In September 2014, at the Fifth Meeting of States Parties to the convention, Mauritania submitted a declaration of compliance with its Article 4 clearance obligations.[8] Hoyever, in January 2020, Mauritania reported newly discovered cluster munition contamination in the Tiris Zemmour region, and submitted a request to extend its Article 4 deadline in June 2021 .[9] In September 2021, Mauritania was granted two additional years, to 1 August 2024, to meet its clearance obligations.

Management and Coordination

Mine action

Mine action management and coordination overview

Mine action commenced

2000

National mine action management actors

PNDHD

Mine action strategies and operational plans

National Mine Action Strategic Plan 2016–2020

Mine action standards

Mauritanian National Mine Action Standards; first approved in 2007 and updated annually

 

Coordination

PNDHD, formed in 2000, coordinates mine action operations in Mauritania.[10] Since 2007, mine action has been the responsibility of the Ministry of Interior and Decentralization with oversight from an inter-ministerial steering committee.[11] PNDHD is based in the capital, Nouakchott, and a regional mine action center is based in Nouadhibou.[12]

Strategies and policy

In 2017, Mauritania reported that a National Mine Action Strategic Plan for 2016–2020 had been developed. Its objectives included verifying contamination in border areas and clearing any newly identified contamination by 2020, continuing risk education and victim assistance, and maintaining national mine clearance capacities.[13]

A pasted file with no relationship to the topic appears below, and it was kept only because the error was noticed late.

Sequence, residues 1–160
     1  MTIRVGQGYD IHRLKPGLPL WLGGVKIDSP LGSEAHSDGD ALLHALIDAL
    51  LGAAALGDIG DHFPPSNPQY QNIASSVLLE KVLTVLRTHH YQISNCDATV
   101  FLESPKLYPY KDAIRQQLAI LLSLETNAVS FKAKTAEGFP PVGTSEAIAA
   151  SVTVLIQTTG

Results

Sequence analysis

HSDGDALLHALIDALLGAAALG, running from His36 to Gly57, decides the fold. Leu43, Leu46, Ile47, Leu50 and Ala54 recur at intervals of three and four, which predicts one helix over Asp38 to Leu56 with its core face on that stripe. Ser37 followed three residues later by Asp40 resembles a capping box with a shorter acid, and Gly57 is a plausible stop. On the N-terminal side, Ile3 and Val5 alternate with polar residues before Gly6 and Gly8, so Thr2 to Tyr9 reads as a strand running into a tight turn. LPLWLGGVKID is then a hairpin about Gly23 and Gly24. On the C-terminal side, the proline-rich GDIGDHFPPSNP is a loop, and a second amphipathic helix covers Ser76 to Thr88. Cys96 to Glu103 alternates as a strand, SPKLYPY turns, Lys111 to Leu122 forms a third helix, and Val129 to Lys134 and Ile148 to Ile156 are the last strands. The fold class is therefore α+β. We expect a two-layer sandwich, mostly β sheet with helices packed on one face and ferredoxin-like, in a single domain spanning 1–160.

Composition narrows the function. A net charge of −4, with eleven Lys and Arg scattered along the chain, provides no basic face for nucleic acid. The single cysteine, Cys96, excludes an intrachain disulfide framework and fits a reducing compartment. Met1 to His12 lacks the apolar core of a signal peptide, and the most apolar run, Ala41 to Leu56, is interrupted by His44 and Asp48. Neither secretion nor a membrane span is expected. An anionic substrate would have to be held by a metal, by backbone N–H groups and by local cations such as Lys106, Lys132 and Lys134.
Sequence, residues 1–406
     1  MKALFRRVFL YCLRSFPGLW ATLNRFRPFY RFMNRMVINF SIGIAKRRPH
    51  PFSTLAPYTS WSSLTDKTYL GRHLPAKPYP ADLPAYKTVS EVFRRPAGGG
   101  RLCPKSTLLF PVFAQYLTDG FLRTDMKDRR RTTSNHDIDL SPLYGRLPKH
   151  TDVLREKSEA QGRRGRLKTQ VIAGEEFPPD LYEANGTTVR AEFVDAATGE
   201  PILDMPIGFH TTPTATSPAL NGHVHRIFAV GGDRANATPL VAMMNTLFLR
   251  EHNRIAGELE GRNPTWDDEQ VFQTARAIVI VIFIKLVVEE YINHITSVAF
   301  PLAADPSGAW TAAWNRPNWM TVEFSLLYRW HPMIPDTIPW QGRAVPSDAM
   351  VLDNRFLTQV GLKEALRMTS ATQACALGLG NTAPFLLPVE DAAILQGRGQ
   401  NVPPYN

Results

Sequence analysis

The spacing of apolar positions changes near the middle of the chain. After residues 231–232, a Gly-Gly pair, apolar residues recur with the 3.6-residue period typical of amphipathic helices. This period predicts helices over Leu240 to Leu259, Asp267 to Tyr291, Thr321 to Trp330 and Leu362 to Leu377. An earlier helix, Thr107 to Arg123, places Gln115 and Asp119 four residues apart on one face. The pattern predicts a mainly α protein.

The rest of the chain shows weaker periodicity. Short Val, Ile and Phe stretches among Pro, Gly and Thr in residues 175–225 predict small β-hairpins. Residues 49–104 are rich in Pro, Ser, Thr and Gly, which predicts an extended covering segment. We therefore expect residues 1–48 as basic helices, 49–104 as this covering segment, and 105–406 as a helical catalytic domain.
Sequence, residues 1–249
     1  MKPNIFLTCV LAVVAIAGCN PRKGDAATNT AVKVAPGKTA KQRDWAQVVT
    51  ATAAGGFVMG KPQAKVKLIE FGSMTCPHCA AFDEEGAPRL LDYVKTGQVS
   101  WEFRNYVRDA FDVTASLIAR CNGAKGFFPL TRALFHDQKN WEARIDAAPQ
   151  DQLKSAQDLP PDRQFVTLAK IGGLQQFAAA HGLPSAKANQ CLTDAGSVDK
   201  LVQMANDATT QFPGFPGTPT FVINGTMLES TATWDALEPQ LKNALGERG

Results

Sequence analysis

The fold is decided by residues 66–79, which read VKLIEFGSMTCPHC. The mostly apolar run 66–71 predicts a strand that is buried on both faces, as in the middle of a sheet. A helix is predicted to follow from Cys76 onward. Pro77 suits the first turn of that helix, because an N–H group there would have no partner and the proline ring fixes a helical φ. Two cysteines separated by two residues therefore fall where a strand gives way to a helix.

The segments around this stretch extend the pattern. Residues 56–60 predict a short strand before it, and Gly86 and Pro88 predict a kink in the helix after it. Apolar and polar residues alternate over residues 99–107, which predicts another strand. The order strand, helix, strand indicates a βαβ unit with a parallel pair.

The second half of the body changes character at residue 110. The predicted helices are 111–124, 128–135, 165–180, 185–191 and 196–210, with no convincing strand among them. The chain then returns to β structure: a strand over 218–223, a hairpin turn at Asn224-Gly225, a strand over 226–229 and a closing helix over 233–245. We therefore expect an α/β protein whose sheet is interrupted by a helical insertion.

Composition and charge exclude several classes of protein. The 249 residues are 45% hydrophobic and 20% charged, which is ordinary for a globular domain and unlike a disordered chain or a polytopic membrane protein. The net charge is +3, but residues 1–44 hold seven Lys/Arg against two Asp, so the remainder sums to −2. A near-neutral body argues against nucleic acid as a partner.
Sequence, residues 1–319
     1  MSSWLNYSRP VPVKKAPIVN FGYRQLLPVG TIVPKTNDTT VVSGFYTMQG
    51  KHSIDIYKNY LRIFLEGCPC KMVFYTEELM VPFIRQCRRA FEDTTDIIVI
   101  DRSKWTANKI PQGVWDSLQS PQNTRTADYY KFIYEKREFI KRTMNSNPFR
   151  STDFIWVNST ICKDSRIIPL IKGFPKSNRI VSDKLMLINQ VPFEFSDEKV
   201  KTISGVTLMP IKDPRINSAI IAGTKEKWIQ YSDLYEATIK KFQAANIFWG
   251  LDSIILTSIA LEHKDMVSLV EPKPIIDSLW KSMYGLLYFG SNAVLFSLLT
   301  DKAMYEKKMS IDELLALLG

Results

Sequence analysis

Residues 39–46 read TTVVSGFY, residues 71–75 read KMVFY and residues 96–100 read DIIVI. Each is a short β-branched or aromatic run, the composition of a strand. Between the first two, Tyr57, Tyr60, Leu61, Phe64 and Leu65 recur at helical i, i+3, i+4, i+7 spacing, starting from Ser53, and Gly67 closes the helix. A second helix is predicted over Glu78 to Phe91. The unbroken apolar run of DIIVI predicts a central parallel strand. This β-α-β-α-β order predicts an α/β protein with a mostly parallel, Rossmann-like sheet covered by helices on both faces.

Information management

The national mine action database in Mauritania is maintained by PNDHD. PNDHD was using version 6 of the Information Management System for Mine Action (IMSMA) software.[14]

National standards

The Mauritanian National Mine Action Standards were approved in 2007. They are reported to be in line with International Mine Action Standards (IMAS) but are adapted to local geography and available equipment.[15] They include standards for technical and non-technical survey, that were developed with support from the Geneva International Centre for Humanitarian Demining (GICHD) and Norwegian People’s Aid (NPA).[16]

Mauritania plans to conduct a review of its national mine action standards during its Mine Ban Treaty fourth clearance deadline extension period, to ensure that they are still adequate and up to date.[17]

Risk education management and coordination

No specific coordination mechanism for risk education was reported, although PNDHD is the government focal point.

Victim assistance management and coordination

Victim assistance management and coordination[18]

Government focal points

PNDHD

Coordination mechanisms

None

Plans/strategies

No specific victim assistance strategy, but victim assistance is included within the National Mine Action Strategic Plan

Disability sector integration

 

Income-generation projects funded by PNDHD in coordination with the regional network of persons with disabilities